“Everyone has to go to jail some time in his life,” remarked a fifteen year-old girl I met at Angel’s pad one afternoon. She was playing hooky from high school for the day and had just come back from visiting her boy friend in the County Jail. He had been busted for pot and they were also trying to hang a car-stealing rap on him. “They” were the heat and this was the bond that this chick felt with beatland. The beards puzzled her, and the poetry was so much baby talk to her. She had enough of that at school. One book was the same as any other to her. Pot was baby stuff, too. She had been on horse since she was thirteen.
What drew her to the beatniks was the way they understood her attitude toward her family and elders in general and the fact that they didn’t think she was a bad girl. The fuss that parents and older people made about sex seemed silly to her. Virginity? She and her girl friends at high school had a word for it. “Big issue about a little tissue.”
As a juvenile delinquent Myra Flores belonged to the cool cats who could be seen coming out of Venice High after school hours and piling into a car – integration was no problem here – white, Negro, Mexican. They didn’t hang around street corners; they drove fast cars in car pools that were also clubs of a sort. The Mexican girls were popular with these boys. Sometimes the blond girls dyed their hair to look like Mexican chicks. Their cars were not souped-up hot rods, that was for squares. Their clothes were sharp. Every penny they could beg, borrow or steal went into clothes. They drank wine and smoked marijuana. They didn’t talk much. They were physical in their relations, fondled each other a lot and watched television by the hour. Looking older than their years was very important to them. It meant that they could pass for twenty-one without an I.D. card in the taverns.
Rarely can a girl like Myra Flores make the beat scene except as a place of refuge or a drop-in lay, but a J.D. like Willie Frank can make it for quite a while on nothing but an ability to say little, listen much and play it close to his vest, which passes for cool as long as he doesn’t make any false moves. Willie fell into Venice West from a town in New Jersey where things had gotten too hot for him. He had smoked pot since he was fourteen, graduated to horse not long afterward, and served a term in jail back east.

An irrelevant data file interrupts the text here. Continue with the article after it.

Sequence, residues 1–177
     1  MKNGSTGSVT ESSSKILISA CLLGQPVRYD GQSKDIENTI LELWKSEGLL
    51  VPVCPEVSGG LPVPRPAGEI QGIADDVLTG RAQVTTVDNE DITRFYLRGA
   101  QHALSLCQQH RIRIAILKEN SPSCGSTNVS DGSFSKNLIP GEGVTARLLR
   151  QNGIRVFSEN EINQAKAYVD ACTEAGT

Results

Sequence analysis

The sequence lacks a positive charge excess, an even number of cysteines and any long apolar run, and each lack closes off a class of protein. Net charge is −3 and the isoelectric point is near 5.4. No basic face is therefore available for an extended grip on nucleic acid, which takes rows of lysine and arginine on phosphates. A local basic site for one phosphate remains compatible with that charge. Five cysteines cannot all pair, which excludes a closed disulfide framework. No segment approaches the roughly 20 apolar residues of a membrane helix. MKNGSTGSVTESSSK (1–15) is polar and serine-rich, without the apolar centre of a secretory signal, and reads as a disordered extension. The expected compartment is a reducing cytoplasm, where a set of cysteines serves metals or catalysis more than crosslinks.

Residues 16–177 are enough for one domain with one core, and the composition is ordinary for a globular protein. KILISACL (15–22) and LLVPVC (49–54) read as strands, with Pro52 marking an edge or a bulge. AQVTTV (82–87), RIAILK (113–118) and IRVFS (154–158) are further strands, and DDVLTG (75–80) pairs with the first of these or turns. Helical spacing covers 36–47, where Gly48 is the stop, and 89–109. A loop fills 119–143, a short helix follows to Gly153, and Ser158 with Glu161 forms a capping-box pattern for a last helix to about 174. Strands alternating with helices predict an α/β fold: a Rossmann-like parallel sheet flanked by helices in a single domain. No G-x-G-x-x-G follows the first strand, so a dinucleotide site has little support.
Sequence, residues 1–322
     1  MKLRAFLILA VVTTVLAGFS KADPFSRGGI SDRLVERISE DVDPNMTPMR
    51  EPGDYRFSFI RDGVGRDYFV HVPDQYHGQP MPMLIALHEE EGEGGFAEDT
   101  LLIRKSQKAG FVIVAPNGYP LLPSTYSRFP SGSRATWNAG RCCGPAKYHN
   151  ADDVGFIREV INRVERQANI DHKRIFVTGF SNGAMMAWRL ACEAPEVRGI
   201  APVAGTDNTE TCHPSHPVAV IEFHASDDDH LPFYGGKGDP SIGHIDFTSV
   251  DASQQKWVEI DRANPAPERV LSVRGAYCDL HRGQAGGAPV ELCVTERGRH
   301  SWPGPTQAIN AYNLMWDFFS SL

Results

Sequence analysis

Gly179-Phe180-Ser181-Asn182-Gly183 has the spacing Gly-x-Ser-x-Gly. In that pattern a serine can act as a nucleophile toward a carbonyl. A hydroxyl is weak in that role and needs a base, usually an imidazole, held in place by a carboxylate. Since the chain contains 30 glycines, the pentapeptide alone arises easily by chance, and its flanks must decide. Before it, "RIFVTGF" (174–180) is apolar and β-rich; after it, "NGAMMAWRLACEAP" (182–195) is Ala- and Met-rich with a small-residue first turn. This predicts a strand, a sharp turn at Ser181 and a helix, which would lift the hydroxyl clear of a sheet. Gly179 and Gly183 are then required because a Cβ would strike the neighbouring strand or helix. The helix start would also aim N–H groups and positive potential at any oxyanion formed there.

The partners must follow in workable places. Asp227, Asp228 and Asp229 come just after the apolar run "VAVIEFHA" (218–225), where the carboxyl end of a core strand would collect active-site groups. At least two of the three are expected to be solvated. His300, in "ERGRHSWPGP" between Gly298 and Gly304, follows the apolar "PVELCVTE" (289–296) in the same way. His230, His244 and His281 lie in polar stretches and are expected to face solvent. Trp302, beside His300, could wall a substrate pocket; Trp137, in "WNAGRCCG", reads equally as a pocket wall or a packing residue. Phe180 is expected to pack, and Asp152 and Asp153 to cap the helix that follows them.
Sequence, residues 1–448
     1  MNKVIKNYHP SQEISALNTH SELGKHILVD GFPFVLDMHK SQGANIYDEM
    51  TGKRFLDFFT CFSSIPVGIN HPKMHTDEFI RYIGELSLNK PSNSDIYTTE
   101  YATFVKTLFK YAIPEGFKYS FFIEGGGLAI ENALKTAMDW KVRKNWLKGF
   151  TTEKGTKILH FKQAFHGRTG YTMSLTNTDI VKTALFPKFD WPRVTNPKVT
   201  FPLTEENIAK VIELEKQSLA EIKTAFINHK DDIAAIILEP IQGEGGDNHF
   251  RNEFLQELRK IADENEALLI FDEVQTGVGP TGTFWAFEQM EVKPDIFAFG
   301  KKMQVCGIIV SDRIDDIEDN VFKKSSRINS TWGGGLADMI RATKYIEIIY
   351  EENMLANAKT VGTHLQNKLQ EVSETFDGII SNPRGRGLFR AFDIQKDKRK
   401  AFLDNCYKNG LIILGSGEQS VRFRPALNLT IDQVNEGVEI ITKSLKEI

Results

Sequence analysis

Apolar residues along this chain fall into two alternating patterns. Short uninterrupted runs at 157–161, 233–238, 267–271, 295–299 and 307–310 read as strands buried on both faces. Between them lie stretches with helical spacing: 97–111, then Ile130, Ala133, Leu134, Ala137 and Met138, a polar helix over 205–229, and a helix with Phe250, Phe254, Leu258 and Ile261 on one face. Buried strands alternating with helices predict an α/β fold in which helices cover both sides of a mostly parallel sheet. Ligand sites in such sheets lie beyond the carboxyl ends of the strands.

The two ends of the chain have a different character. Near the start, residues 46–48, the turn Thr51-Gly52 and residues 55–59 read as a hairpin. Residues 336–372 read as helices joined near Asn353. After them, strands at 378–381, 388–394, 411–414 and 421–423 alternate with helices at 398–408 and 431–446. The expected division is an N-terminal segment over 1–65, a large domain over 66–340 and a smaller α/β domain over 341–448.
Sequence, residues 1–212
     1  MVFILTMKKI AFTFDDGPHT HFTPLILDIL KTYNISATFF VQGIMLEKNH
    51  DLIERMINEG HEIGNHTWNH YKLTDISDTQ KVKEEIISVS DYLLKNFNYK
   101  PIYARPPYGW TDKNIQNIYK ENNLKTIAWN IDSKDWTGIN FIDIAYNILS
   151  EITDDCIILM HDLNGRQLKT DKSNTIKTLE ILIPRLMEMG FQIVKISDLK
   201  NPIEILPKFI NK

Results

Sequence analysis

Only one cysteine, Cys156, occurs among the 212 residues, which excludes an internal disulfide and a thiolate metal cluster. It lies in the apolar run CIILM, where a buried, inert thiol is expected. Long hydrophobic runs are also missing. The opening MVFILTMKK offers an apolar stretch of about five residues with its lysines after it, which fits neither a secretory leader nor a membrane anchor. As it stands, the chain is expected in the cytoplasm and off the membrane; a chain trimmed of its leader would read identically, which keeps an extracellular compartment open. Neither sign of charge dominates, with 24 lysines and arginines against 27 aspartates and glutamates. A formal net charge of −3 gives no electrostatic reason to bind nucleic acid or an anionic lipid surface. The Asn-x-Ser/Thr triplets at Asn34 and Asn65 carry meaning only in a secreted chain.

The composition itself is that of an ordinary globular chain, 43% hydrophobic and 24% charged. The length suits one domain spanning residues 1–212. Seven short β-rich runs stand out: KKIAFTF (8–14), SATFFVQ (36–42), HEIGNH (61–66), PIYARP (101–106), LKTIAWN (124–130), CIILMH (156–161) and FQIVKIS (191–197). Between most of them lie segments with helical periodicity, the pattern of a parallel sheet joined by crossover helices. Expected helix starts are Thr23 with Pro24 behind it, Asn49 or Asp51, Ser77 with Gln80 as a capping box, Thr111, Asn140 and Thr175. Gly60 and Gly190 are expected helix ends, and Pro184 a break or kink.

The beat and the juvenile delinquent are only kissin’ cousins. They have the same enemies, which is the slender thread that sometimes unites them in temporary alliance. Both are outlaws, speak a private language and put down the squares, but in beat circles the J.D. is regarded as a square, a hip square in some things, but still a square.
He is a square because his values are the conventional American values: success, the worship of things, the obsession with speed and devil-take-the-hindmost attitudes in everything They are “sharpies” always looking for angles. They believe everything they read in the ads. The “kick” they are looking for when they “borrow” a car for a night is the kick of making “a majestic entrance” in front of a chick’s house. The juvenile delinquent wants a Ford in his future, but he wants his future right now. He can’t buy it so he steals it. “My old man waited,” one of them remarked to me, “and what did it get him? He’s fifty and he’s still driving a ’49 Chevy.”
The names they give their gangs are indicative of their hunger for social status. In Venice West it’s The Doges. Some of them pronounce it “dogs” but they know it means something like The Man of Distinction. (Wasn’t “putting on the dog” once a slang synonym for distinctive?) If one gang names itself The Counts, the gang in the next block goes it one better with The Dukes. Such pretensions are abhorrent to the beatnik.
Their “social protest,” which is a common theme in liberal magazines trying to “understand” the J.D., is so much double talk in the beatnik’s opinion. They are not victims of the society, they are its fruit and flower. The J.D. in a stolen car, dressed up in his sharp clothes, seated beside his chick and smoking the cigarette that is the choice of men who demand the best, is the ironic triumph of the adman’s dream. They are not likely to yield to the lures of communism. In fact, many of the J.D.’s of past generations are now among the society’s most successful businessmen. Their only protest is that it takes too long.